The LIGO Scientific Collaboration, Virgo Collaboration, and their partners have directly detected gravitational waves — ripples in space and time — from a pair of inspiraling neutron stars. Named GW170817, the event was not only ‘heard’ in gravitational waves but also seen in light by dozens of space- and ground-based telescopes.
The GW170817 gravitational signal was first detected on August 17, 2017, at 8:41 a.m. EDT (5:41 a.m. PDT, 12:41 p.m. GMT, 2:41 p.m. CEST).
The detection was made by the two Laser Interferometer Gravitational-Wave Observatory (LIGO) detectors, located in Hanford, Washington, and Livingston, Louisiana. The information provided by the third detector, Virgo, situated near Pisa, Italy, enabled an improvement in localizing the event.
At nearly the same time, NASA’s Fermi Space Telescope detected a burst of gamma rays. LIGO-Virgo analysis software put the two signals together and determined their appearance was highly unlikely to be chance.
The LIGO data indicated that two astrophysical objects located at the relatively close distance of about 130 million light-years from Earth had been spiraling in toward each other.
It appeared that the objects were not as massive as binary black holes — objects that LIGO and Virgo have previously detected.
Instead, the inspiraling objects were estimated to be in a range from around 1.1 to 1.6 times the mass of the Sun, in the mass range of neutron stars.
While binary black holes produce ‘chirps’ lasting a fraction of a second in the LIGO detector’s sensitive band, the GW170817 signal lasted approximately 100 seconds and was seen through the entire frequency range of LIGO.
“It immediately appeared to us the source was likely to be neutron stars, the other coveted source we were hoping to see — and promising the world we would see,” said Dr. David Shoemaker, spokesperson for the LIGO Scientific Collaboration.
“From informing detailed models of the inner workings of neutron stars and the emissions they produce, to more fundamental physics such as general relativity, this event is just so rich. It is a gift that will keep on giving.”
“Our background analysis showed an event of this strength happens less than once in 80,000 years by random coincidence, so we recognized this right away as a very confident detection and a remarkably nearby source,” said Professor Laura Cadonati, deputy spokesperson for the LIGO Scientific Collaboration.
“This detection has genuinely opened the doors to a new way of doing astrophysics. I expect it will be remembered as one of the most studied astrophysical events in history.”
Astrophysicists have predicted that when neutron stars collide, they should give off gravitational waves and gamma rays, along with powerful jets that emit light across the electromagnetic spectrum.
The gamma-ray burst detected by Fermi is what’s called a short gamma-ray burst; the new observations confirm that at least some short gamma-ray bursts are generated by the merging of neutron stars.
“For decades, we’ve suspected short gamma-ray bursts were powered by neutron star mergers. Now, with the incredible data from LIGO and Virgo for this event, we have the answer,” said Fermi project scientist Dr. Julie McEnery, of NASA’s Goddard Space Flight Center.
Fermi was able to provide a localization that was later confirmed and greatly refined with the coordinates provided by the combined LIGO-Virgo detection.
With these coordinates, observatories around the world were able, hours later, to start searching the region of the sky where the signal was thought to originate.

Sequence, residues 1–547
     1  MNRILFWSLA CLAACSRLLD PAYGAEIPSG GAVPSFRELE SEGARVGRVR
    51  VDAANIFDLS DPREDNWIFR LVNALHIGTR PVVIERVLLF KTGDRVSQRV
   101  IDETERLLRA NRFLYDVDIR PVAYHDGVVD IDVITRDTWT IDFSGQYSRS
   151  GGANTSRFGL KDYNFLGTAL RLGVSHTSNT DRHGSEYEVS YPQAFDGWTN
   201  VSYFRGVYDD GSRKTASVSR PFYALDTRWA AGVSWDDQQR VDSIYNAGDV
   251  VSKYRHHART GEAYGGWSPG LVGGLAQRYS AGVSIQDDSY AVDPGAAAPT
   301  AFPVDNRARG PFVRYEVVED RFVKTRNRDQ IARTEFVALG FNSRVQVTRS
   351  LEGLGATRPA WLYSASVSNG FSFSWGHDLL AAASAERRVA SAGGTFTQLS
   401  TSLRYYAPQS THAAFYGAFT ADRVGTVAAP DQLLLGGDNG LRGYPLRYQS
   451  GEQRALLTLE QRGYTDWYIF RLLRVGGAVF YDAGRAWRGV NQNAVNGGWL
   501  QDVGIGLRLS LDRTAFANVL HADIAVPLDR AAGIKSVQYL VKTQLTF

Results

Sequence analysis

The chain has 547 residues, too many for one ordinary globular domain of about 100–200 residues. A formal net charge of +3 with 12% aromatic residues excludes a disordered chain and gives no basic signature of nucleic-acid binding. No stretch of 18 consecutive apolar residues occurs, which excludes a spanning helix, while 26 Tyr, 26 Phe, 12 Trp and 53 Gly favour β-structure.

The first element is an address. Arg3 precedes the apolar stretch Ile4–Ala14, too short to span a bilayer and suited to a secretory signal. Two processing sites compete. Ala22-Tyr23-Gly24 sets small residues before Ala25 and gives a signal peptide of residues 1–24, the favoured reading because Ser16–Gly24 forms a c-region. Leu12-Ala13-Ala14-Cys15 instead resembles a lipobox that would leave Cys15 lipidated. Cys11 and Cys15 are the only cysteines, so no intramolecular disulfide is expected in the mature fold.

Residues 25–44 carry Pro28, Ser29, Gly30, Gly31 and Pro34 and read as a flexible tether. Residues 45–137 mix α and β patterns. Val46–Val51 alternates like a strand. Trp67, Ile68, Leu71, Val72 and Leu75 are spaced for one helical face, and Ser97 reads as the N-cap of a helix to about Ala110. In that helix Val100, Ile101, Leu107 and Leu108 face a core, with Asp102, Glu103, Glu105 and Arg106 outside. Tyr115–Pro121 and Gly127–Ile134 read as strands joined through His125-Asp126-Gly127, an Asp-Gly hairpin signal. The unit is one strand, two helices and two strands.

A new point of light, resembling a new star, was first found by optical telescopes. Ultimately, about 70 observatories on the ground and in space observed the event at their representative wavelengths.
“This detection opens the window of a long-awaited ‘multi-messenger’ astronomy,” said Dr. David H. Reitze, executive director of the LIGO Laboratory.
“It’s the first time that we’ve observed a cataclysmic astrophysical event in both gravitational waves and electromagnetic waves — our cosmic messengers. Gravitational-wave astronomy offers new opportunities to understand the properties of neutron stars in ways that just can’t be achieved with electromagnetic astronomy alone.”
A general picture is emerging among all observatories involved that further confirms that the initial gravitational-wave signal indeed came from a pair of inspiraling neutron stars.
“Approximately 130 million years ago, the two neutron stars were in their final moments of orbiting each other, separated only by about 200 miles (300 km) and gathering speed while closing the distance between them,” the researchers explained.
“As the stars spiraled faster and closer together, they stretched and distorted the surrounding space-time, giving off energy in the form of powerful gravitational waves, before smashing into each other. At the moment of collision, the bulk of the two neutron stars merged into one ultradense object, emitting a ‘fireball’ of gamma rays.”
“Theorists have predicted that what follows the initial fireball is a ‘kilonova’ — a phenomenon by which the material that is left over from the neutron star collision, which glows with light, is blown out of the immediate region and far out into space.”
The new light-based observations also show that heavy elements, such as lead and gold, are created in these collisions and subsequently distributed throughout the Universe.
The LIGO-Virgo results are published in the Physical Review Letters.
B.P. Abbott et al (LIGO Scientific Collaboration and Virgo Collaboration). 2017. GW170817: Observation of Gravitational Waves from a Binary Neutron Star Inspiral. Phys. Rev. Lett 119 (16); doi: 10.1103/PhysRevLett.119.161101